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May 2018

This has been a piece a long time in the making, ever since the news of Pernod Ricard partnering with  Del Maguey broke almost exactly a year ago on June 7th 2017, and changed the landscape of the mezcal category. It has been just a year, but what a year it has been, and the changes have been cataclysmic for mezcal. I don’t think any of us could have predicted the speed at which other multinational spirit companies would enter the space and how quickly it would impact not only mezcal production. While mezcal remains a tiny portion of the spirits industry, less than 1%, its year over year growth and visibility, it has been exponential.

It's something that most of us don't really think about when it comes to mezcal because we are so focused on the magic being made in the still, but with every liter of mezcal produced there are about ten liters of liquid waste produced. That's called the vinaza. In small production runs, it is seemingly manageable to dispose of. You can pour it in the river or the field and it will break down in weeks. If you add chemicals that process can be shortened to days. But as soon as you multiply production runs, suddenly it is a whole different proposition.

It has been just over a week since our big, sold out Mexico in a Bottle DC event. A lot has changed in the DC market since we were there last year, primarily the landscape of Mexican restaurants and Mezcalerias - with a full slate of just opened (Mi Vida at the Wharf) and the soon to open fine dining establishments from the folks behind Taco Bamba and TTT (Tacos, Tortas and Tequila). It's great to see DC embracing higher end Mexican food and of course, mezcal. We look forward to working with these guys next year!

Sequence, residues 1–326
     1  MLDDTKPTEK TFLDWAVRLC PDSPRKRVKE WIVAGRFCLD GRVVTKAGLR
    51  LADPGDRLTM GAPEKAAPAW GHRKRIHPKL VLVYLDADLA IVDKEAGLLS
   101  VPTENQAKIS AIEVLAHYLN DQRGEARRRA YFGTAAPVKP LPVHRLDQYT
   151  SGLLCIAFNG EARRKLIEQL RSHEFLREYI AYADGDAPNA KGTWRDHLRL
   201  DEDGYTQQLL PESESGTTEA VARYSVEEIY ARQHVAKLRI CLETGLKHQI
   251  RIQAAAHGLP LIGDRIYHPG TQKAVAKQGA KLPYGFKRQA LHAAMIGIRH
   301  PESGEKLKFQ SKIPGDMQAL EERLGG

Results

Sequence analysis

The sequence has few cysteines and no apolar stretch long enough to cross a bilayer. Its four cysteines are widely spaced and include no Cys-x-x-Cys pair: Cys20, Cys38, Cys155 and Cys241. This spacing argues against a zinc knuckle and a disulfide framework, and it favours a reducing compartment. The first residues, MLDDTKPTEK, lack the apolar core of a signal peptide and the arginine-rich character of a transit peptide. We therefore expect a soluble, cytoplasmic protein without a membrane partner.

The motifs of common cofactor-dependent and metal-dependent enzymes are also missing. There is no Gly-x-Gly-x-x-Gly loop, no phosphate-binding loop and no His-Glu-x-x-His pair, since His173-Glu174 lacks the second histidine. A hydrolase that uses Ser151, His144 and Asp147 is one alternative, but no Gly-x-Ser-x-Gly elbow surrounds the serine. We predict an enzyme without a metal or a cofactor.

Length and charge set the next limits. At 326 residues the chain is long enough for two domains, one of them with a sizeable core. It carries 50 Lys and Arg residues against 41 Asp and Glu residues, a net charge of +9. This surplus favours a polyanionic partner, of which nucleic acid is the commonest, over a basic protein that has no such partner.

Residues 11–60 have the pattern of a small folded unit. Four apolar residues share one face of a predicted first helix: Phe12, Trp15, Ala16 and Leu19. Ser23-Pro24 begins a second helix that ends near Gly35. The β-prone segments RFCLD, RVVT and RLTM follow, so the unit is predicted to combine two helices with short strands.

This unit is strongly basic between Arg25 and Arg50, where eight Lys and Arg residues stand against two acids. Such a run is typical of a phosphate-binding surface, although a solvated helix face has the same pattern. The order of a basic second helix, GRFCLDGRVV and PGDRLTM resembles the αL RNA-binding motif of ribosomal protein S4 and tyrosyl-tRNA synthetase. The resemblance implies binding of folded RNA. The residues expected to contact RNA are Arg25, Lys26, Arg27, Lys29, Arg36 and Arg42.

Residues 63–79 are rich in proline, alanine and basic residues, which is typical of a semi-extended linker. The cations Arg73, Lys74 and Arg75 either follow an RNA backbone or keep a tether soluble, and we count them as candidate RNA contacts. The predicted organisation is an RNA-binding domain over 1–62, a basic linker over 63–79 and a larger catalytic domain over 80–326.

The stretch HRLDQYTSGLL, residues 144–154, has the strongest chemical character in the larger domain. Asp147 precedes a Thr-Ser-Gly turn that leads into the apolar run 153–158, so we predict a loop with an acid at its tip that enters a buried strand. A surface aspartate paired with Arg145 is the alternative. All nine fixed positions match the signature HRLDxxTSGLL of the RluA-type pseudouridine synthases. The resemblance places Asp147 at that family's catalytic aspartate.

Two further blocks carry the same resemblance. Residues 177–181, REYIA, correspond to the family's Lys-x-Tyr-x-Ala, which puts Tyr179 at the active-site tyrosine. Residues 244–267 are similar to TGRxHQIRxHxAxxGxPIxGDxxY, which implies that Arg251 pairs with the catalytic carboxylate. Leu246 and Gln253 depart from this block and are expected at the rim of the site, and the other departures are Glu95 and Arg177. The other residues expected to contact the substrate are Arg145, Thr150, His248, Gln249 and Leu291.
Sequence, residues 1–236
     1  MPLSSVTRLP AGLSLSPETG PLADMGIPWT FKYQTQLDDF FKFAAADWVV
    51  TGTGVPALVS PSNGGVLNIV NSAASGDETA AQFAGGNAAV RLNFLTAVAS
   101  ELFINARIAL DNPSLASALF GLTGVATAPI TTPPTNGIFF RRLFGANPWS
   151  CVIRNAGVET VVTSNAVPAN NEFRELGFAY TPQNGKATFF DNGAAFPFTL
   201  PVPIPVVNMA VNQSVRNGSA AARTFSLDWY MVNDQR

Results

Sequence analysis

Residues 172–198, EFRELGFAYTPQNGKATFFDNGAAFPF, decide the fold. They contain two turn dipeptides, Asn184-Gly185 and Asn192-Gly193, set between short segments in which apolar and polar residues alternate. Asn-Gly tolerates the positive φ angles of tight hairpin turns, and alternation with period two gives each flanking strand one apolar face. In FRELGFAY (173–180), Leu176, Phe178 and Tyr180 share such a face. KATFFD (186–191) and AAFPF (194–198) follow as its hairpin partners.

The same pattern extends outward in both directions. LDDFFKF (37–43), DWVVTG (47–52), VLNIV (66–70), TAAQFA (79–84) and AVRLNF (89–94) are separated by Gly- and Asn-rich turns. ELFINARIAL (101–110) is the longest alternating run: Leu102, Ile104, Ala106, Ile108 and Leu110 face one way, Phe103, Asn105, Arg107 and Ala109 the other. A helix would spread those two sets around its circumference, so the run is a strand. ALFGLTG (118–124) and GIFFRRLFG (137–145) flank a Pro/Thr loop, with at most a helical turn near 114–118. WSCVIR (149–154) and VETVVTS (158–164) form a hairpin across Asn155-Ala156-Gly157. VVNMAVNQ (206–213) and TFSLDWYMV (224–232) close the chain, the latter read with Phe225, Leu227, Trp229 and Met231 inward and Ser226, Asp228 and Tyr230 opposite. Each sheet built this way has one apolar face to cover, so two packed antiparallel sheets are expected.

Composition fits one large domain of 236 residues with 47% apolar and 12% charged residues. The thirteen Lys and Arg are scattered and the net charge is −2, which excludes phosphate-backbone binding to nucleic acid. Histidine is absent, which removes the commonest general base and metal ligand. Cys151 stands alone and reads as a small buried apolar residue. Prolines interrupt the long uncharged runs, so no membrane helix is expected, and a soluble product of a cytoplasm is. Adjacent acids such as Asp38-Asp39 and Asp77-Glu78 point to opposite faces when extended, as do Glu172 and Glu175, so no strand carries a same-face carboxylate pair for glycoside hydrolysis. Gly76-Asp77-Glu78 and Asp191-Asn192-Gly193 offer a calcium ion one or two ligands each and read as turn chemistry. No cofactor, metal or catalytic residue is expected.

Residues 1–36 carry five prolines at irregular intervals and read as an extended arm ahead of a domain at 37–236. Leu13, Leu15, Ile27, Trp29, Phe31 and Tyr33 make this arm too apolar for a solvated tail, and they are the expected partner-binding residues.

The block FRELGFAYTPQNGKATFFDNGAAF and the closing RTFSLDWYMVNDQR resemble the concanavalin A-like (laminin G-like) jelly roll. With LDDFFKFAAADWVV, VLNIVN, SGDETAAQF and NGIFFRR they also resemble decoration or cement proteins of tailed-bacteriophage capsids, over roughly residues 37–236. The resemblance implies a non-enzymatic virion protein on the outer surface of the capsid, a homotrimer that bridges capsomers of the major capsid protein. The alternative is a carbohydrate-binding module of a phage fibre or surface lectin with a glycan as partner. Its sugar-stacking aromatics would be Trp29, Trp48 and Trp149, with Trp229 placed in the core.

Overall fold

As you may have noticed there was a huge explosion on social media last week about the Consejo Regulador del Mezcal (CRM) in Oaxaca. The CRM makes the rules for mezcal so this was big news: The headquarters were locked and sealed, Hipocrates Nolasco Cancino the leader of the CRM chained himself to a gate, there were wild rumors about a takeover and then, on Tuesday morning, everything seemed to go back to normal.

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